FHFA, GSEs launch program to “stabilize” communities hit hardest by foreclosures

Pilot program will offer deeper loan modifications

Federal Housing Finance Agency Director Mel Watt addressed the future of the agency he leads and the future of Fannie Mae and Freddie Mac in his first public address on Tuesday.

In Watt’s speech, he outlined three main goals: Maintain, reduce and rebuild.

One of the tenets of Watt’s “maintain” goal is the continued refinement and improvement of mortgage servicing and foreclosure prevention standards. “Experiences in recent years have revealed serious weaknesses in the servicing industry and in the foreclosure prevention alternatives offered to borrowers,” Watt said. “Substantial work has been done to get things right, but there is still room for improvement.”

Watt then announced a new initiative jointly developed by the FHFA, Fannie and Freddie. The “Neighborhood Stabilization Initiative” will seek to assist homeowners in communities that were disproportionally affected by foreclosures.

Fannie and Freddie will partner with the National Community Stabilization Trust, a national non-profit that is experienced in stabilization efforts in distressed communities. Working together, the companies plan to leverage community organizations, local non-profits and governments to make timely and informed decisions about the best treatment of individual properties.

The FHFA listed three main goals for the NSI program: increasing the number of families able to stay in their current homes through loan modifications, effectively matching distressed properties with responsible non-profits for property renovation and resale, and assisting distressed communities in executing their building demolition plans. 

Watt announced that the first phase of the pilot program will be in Detroit and is expected to begin in the next few weeks.

The program includes two distinct pre-foreclosure strategies and three distinct post-foreclosure strategies, all of which are intended to assist homeowners who are behind on their mortgages, help neighborhoods recover, and reduce the inventory of real estate owned properties held by Fannie and Freddie.

The NSI’s two pre-foreclosure strategies are:

1. Distressed Region Modification – Borrowers will be evaluated for a new loan modification that provides a greater reduction in monthly principal and interest payments than is available in the traditional loan modification programs.

2. Non-Performing Loan Sale/Donation – Severely delinquent low-balance loans secured by distressed properties may be transferred to a non-profit entity for resolution prior to foreclosure. Non-profits will work with seriously delinquent owners to determine the most feasible outcome for the household and the property. Solutions may include new affordable payment terms, a short sale, a deed-in-lieu of foreclosure, or foreclosure and subsequent repair or demolition, as appropriate.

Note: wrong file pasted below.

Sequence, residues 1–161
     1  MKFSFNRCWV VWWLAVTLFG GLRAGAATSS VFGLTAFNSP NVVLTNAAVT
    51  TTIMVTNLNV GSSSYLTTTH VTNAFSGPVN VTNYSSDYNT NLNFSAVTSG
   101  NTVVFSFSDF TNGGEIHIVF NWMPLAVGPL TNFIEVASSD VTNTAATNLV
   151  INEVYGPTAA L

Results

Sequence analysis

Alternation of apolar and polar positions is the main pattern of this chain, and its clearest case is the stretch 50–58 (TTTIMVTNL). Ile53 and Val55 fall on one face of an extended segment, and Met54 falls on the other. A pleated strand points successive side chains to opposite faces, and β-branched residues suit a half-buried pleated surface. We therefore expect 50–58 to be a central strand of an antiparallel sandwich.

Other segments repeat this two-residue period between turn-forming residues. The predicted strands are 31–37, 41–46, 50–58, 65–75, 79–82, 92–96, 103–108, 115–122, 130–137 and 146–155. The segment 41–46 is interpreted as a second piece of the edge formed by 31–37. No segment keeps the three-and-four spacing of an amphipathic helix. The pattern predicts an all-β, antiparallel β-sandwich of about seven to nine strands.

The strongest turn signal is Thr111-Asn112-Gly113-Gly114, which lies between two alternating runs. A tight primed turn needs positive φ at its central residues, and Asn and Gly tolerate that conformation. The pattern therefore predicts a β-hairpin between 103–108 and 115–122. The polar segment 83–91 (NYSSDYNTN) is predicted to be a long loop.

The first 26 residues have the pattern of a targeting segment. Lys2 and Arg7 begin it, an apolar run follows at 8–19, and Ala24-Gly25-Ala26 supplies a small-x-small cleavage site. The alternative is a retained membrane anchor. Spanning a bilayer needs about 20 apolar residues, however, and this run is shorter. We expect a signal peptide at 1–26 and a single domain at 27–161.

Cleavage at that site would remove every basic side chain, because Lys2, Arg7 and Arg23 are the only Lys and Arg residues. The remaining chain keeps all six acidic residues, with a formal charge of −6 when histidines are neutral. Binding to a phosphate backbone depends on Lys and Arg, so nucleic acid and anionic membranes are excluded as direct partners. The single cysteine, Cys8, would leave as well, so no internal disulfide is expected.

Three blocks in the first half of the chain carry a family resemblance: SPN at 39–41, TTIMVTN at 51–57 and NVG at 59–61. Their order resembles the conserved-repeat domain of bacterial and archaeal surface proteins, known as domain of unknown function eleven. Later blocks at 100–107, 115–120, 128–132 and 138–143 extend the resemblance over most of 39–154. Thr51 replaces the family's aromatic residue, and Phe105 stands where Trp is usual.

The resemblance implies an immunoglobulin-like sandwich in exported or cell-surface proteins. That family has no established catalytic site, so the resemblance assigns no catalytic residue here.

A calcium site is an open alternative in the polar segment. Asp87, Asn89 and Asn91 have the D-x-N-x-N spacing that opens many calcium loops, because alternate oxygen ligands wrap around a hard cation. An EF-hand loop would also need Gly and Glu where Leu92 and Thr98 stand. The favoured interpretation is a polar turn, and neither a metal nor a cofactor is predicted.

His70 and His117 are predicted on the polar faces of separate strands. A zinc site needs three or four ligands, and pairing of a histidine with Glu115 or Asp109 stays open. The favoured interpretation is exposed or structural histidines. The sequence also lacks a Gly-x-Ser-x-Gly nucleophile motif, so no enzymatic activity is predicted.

The NSI’s three post-foreclosure strategies are:

1. NCST Quick Look Period – Non-profits will have an opportunity to acquire certain REO properties (occupied or vacant) through purchase or receive properties as a donation prior to the Enterprises initiating their standard disposition processes. NCST will assist the Enterprises with these sales and donations.

2. Post-Quick Look – Occupied properties not sold or donated to non-profits during the Quick Look period will be sold at auction; vacant properties and those that do not sell via auction will be prepared for normal REO sales, which starts with the First Look process, a 20-day period when properties are offered only to owner-occupants, nonprofits, and governmental entities.

3. Enhanced First Look Process – Properties will be offered to non-profits through NCST several days prior to being marketed through Multiple Listing Services. For low-value REO properties, Fannie Mae and Freddie Mac will work with NCST and local community organization to determine the optimum disposition of individual properties, which may result in donation, donation/demolition, or repair/rehabilitation. Discounts and incentives may be offered to non-profits depending on characteristics such as property condition, value, and location.

“We’re pursuing pre-foreclosure and post-foreclosure strategies that include deeper loan modifications and partnering with nonprofits earlier in the REO sales process,” Watt said. “FHFA expects to use the experiences in Detroit to expand this initiative to other parts of the country.

“We believe this will be a win-win for hardest hit communities and for our conservatorship objectives,” he said.

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